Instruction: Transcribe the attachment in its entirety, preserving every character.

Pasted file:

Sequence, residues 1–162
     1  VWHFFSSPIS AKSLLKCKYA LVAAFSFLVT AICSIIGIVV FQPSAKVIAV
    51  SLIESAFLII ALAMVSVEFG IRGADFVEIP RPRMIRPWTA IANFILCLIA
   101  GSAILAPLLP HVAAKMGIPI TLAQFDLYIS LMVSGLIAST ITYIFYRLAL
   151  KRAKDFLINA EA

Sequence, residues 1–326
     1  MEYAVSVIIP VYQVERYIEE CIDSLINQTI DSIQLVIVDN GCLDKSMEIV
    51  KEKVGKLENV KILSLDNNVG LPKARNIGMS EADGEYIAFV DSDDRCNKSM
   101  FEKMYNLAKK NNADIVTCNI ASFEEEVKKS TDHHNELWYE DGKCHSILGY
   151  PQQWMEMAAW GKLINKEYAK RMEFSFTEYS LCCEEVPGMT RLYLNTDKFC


Sequence, residues 1–162
     1  VWHFFSSPIS AKSLLKCKYA LVAAFSFLVT AICSIIGIVV FQPSAKVIAV
    51  SLIESAFLII ALAMVSVEFG IRGADFVEIP RPRMIRPWTA IANFILCLIA
   101  GSAILAPLLP HVAAKMGIPI TLAQFDLYIS LMVSGLIAST ITYIFYRLAL
   151  KRAKDFLINA EA

Sequence, residues 1–326
     1  MEYAVSVIIP VYQVERYIEE CIDSLINQTI DSIQLVIVDN GCLDKSMEIV
    51  KEKVGKLENV KILSLDNNVG LPKARNIGMS EADGEYIAFV DSDDRCNKSM
   101  FEKMYNLAKK NNADIVTCNI ASFEEEVKKS TDHHNELWYE DGKCHSILGY
   151  PQQWMEMAAW GKLINKEYAK RMEFSFTEYS LCCEEVPGMT RLYLNTDKFC